Supreme Court leak probe reveals gray area of ​​press protection

“The court’s confidentiality standards are neither gentle nor subtle,” said Allison Orr Larsen, a professor at William and Mary Law School who worked for Justice David H. Souter. “They become strong and stressed over and over again.”

As blunt and terrifying as these warnings are, they are informal. This also applies to the judges themselves, who have resisted being bound by written procedures in most matters of their work.

“They don’t even have written codes of ethics for the judges,” said Paul M. Smith, a Georgetown University law professor who worked for Justice Lewis F. Powell Jr. The leak, he said, and the focus on the lack of those standards could put more pressure on the court to accept new restrictions on how it works following recent revelations about the political activities of Virginia Thomas, wife of Justice Clarence Thomas.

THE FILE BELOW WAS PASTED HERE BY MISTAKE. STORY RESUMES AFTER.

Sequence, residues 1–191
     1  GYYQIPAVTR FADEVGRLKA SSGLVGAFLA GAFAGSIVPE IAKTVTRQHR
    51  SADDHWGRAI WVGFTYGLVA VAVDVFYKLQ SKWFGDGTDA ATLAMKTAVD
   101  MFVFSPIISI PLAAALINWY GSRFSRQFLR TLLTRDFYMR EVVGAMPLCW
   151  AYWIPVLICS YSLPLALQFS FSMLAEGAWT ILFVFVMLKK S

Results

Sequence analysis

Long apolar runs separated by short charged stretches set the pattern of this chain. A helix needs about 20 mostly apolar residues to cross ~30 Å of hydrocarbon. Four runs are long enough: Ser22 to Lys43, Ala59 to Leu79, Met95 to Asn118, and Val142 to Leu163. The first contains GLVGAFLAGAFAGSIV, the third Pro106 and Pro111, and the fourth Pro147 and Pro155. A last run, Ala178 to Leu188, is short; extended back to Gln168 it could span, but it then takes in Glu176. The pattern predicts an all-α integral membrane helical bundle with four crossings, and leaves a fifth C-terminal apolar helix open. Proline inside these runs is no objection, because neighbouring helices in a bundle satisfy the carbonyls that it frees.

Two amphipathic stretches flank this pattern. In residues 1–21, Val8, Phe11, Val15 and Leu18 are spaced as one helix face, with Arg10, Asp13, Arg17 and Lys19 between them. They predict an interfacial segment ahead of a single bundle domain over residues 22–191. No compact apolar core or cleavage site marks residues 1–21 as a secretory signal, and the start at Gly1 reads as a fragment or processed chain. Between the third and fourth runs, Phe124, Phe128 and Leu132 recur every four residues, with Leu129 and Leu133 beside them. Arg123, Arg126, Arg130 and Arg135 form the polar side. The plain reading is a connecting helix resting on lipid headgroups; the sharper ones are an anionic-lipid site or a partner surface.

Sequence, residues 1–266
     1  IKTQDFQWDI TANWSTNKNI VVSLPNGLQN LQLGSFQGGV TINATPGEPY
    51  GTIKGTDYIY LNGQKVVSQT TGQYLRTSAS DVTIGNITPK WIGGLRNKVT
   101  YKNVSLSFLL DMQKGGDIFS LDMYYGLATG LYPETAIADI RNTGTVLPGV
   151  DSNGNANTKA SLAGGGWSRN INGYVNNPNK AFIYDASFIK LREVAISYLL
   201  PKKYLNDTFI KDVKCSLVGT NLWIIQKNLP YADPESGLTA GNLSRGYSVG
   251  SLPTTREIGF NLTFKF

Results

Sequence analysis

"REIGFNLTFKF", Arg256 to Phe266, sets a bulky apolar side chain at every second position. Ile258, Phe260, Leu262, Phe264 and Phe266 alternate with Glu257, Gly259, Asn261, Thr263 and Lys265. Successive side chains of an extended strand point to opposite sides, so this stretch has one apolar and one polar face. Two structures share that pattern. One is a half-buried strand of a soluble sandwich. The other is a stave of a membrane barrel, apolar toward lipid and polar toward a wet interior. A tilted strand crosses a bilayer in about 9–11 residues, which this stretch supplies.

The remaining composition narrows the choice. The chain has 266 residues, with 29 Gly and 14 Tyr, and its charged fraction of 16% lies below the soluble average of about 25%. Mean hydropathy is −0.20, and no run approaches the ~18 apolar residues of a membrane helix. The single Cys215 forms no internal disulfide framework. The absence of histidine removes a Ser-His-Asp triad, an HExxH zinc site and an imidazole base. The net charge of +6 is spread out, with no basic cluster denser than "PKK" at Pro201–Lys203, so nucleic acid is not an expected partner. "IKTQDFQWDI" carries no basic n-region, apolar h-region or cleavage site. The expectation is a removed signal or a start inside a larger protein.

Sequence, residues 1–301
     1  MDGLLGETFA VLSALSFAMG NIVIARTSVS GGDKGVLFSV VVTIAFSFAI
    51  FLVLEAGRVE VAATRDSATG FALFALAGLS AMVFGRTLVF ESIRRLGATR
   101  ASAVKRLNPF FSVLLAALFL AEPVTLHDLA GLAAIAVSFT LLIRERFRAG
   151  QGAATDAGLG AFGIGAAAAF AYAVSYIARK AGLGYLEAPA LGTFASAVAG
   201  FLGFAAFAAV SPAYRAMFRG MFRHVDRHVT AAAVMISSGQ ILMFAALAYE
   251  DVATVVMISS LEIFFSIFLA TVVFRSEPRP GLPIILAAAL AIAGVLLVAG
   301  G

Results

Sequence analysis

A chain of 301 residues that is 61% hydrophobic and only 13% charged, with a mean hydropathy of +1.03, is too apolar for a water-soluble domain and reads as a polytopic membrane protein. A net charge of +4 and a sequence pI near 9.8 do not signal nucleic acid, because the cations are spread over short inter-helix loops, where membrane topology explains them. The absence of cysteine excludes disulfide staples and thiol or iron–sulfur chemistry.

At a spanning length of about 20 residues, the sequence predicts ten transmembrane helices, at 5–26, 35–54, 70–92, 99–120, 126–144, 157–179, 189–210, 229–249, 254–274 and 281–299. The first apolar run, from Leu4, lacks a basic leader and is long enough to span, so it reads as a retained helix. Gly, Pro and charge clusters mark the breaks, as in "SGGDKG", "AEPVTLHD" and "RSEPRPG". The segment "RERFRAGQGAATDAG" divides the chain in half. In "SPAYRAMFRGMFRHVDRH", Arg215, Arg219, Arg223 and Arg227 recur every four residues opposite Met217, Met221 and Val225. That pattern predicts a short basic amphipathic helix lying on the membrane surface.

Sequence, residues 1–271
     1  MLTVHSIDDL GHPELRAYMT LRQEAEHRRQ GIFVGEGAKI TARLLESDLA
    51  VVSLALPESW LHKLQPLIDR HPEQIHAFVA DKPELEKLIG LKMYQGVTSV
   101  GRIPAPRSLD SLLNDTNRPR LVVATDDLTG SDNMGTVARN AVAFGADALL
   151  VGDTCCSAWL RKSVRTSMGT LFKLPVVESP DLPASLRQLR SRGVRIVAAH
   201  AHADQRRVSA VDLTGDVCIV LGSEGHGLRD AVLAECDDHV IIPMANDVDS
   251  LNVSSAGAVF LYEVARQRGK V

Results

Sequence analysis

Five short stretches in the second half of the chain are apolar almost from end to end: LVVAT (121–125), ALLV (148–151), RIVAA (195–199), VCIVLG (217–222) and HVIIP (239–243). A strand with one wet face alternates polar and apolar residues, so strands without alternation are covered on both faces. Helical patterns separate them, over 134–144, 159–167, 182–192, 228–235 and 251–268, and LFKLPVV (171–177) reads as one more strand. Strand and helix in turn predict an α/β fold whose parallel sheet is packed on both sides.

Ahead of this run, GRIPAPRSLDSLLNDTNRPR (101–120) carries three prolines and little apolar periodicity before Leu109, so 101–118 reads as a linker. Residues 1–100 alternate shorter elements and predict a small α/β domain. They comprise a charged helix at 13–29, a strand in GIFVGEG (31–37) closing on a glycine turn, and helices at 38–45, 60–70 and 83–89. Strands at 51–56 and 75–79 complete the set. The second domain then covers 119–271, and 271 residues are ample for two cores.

Other legal scholars, including some from the conservative Heritage Foundation, have pointed to a number of laws that could be used to prosecute the leak and stimulate the kind of wide-ranging investigations that could involve the press, court staff and even individual judges. A law used against leaks, according to John Malcolm, a legal expert at the Heritage Foundation, deals broadly with theft, embezzlement and conversion of “goodies” owned by the government.

None are slam dunks. But First Amendment experts said they wouldn’t be surprised if any of those laws were tested in this case.

RonNell Andersen Jones, a professor at the University of Utah’s SJ Quinney College of Law who worked for Justice Sandra Day O’Connor, said when she and a group of former employees who texted each other heard about the Politico article, they reacted she immediately that it had to be a joke. A leak of this magnitude, they all knew, was strictly forbidden.

“What it means to be strictly prohibited is about to be tested,” added Ms. Andersen Jones.

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